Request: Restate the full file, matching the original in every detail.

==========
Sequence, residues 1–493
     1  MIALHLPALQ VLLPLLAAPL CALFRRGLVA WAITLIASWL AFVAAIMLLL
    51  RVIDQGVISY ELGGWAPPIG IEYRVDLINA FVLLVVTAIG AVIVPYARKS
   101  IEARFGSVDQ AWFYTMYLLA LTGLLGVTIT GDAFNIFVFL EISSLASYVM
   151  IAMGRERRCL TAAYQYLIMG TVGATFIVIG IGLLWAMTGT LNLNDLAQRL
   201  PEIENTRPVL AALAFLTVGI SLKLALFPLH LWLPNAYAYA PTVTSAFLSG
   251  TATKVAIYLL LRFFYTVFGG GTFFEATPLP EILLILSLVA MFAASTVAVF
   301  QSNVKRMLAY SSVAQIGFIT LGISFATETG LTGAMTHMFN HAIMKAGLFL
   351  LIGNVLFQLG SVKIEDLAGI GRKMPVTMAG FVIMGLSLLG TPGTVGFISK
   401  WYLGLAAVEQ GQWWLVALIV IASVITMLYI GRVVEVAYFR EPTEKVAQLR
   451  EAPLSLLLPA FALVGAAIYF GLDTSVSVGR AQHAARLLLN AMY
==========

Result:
Sequence, residues 1–493
     1  MIALHLPALQ VLLPLLAAPL CALFRRGLVA WAITLIASWL AFVAAIMLLL
    51  RVIDQGVISY ELGGWAPPIG IEYRVDLINA FVLLVVTAIG AVIVPYARKS
   101  IEARFGSVDQ AWFYTMYLLA LTGLLGVTIT GDAFNIFVFL EISSLASYVM
   151  IAMGRERRCL TAAYQYLIMG TVGATFIVIG IGLLWAMTGT LNLNDLAQRL
   201  PEIENTRPVL AALAFLTVGI SLKLALFPLH LWLPNAYAYA PTVTSAFLSG
   251  TATKVAIYLL LRFFYTVFGG GTFFEATPLP EILLILSLVA MFAASTVAVF
   301  QSNVKRMLAY SSVAQIGFIT LGISFATETG LTGAMTHMFN HAIMKAGLFL
   351  LIGNVLFQLG SVKIEDLAGI GRKMPVTMAG FVIMGLSLLG TPGTVGFISK
   401  WYLGLAAVEQ GQWWLVALIV IASVITMLYI GRVVEVAYFR EPTEKVAQLR
   451  EAPLSLLLPA FALVGAAIYF GLDTSVSVGR AQHAARLLLN AMY